Most personal finance websites extol the virtues of thriftiness at length. But what happens when a penny-pinching spirit gets out of control?
In more ways that almost any other facet of human life, money has an overwhelming capacity for making slaves of us. Some people are slaves to greed, envy, or poverty. Other times the slavery is more subtle: We can be slaves to our jobs, slaves to other peoples’ expectations and even slaves to our own thriftiness.
Any attitude that affects the way we think about or handle our money has the potential to enslave us if we’re not careful — even those attitudes that seem like good things in their own rights. Thriftiness is a good example of this. While it’s certainly wise to live frugally and save money when possible, it’s easy for thriftiness to drift over into stinginess. When that happens, our frugality often does more harm than good.
Here are five warning signs that you might be a slave to thriftiness:
1) You let problems fester.
There’s no way around it — stuff goes wrong in life. Things break down, people get sick, houses deteriorate, and taking care of any of these problems can be expensive. If you’re trying to live frugally, you may procrastinate in dealing with these problems because you don’t want to spend the money that solving them will require. The trouble is that most problems don’t get better when you ignore them; they usually get worse. If you ignore areas that need attention, they have a tendency to fester, going from small problems to big problems that ultimately cause you a lot of pain. If this happens more often then you’d like to admit, you might be a slave to your thriftiness.
2) You take risks to save money.
There is often a fine line between turning down unnecessary expenses and ignoring important safety measures. You might think that you’re saving money by carrying cut-rate car or medical insurance (or opting out of insurance altogether), but having less-than-sufficient coverage really puts you and your family at risk. The same could be said of living in unsafe conditions, driving an unreliable or unsafe car, or eating too little in order to save money. All of those things can end up doing more harm than good in the long run. Taking stupid risks to save a buck is a sure sign of slavery.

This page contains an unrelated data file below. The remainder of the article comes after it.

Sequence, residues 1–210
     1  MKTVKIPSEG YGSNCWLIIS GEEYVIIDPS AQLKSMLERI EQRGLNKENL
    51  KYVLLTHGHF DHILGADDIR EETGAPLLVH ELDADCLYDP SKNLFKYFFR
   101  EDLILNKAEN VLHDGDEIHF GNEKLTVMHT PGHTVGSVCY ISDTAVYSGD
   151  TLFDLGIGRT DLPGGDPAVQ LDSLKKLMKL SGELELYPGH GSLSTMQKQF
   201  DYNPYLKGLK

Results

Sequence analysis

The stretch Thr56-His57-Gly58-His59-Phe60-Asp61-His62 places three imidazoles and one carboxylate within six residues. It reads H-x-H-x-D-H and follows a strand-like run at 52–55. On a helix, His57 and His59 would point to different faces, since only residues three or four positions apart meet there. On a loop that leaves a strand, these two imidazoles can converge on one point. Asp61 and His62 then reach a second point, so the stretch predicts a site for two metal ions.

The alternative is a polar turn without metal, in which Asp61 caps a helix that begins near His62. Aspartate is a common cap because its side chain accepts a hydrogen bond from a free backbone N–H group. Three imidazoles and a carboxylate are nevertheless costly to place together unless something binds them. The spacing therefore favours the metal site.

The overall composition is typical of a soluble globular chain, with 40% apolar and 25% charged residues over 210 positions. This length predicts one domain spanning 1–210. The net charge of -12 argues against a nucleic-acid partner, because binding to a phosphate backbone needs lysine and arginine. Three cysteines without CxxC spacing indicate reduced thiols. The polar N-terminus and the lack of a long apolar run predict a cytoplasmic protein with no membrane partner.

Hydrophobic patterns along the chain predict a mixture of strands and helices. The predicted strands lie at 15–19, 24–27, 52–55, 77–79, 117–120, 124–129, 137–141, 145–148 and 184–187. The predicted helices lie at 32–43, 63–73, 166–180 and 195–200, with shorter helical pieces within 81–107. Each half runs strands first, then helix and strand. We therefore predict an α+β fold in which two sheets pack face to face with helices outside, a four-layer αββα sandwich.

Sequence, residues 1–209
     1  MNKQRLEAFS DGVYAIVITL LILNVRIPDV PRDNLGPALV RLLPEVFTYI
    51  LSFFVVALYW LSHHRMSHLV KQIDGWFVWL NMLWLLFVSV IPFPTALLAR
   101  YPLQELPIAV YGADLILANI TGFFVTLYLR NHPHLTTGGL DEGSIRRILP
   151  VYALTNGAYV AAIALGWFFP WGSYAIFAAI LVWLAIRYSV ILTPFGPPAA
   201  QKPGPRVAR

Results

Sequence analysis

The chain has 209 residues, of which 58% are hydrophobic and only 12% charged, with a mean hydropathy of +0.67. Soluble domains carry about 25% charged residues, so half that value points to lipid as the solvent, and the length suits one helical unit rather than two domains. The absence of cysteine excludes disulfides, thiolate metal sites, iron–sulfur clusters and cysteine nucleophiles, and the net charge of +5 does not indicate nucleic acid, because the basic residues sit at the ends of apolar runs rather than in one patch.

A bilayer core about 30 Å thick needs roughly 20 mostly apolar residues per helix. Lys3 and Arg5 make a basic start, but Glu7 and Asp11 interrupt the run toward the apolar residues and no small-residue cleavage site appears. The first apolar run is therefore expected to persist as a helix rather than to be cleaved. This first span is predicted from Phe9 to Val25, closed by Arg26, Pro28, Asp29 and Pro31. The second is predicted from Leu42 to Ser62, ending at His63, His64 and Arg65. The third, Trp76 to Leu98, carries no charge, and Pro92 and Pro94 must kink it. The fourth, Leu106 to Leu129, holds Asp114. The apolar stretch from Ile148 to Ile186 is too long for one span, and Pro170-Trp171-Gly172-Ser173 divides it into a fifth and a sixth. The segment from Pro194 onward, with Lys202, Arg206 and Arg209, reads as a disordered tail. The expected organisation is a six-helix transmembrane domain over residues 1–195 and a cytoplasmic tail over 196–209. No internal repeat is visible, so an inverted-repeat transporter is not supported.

3) You put money before relationships.
Money is important, and God wants us to be careful and wise in managing it. But money isn’t nearly as important to Him as people, and it shouldn’t be as important to us either. Unfortunately, our desire to spend little and save much can cause us to shy away from doing things that could help others or build relationships. If you duck out of situations where you may be asked to help someone else out because it could cost you a bit of money — or if you never pick up the check when you go out to eat with people — you need to think honestly about whether you’re letting your thriftiness control your relationships.
4) You only give the minimum.
If you’re a Christian, I hope you believe in tithing and giving. God wants us to do both. But if you’re trying to live frugally, it’s easy to fall into the trap of giving less than we should. After all, the tithe only requires giving of 10 percent of your income. If that’s all you can truly afford, then so be it. If you could give more, but chose not to because you don’t want to, your stinginess is getting in the way of growing a generous heart. And since God treasures generosity so much, anything that hinders us in giving is a stumbling block.
5) You’re always thinking about your money.
Smart shoppers and financial planners should always be on the lookout for ways to cut costs — within reason. There comes a point, though, when you’re so fixated on saving money that it’s almost all that you think about. When a new situation, opportunity or problem presents itself, your first thought is about how much it’s going to cost you. But if money can control your thoughts, it has made a slave of you, and you need some help to break free from its hold on your life.
So, let’s hear from all you money-savers out there — have you ever caught yourself going too far in your thriftiness? What was the warning sign that led you back from the brink?
Photo by Rusty Clark. Used under Creative Commons License.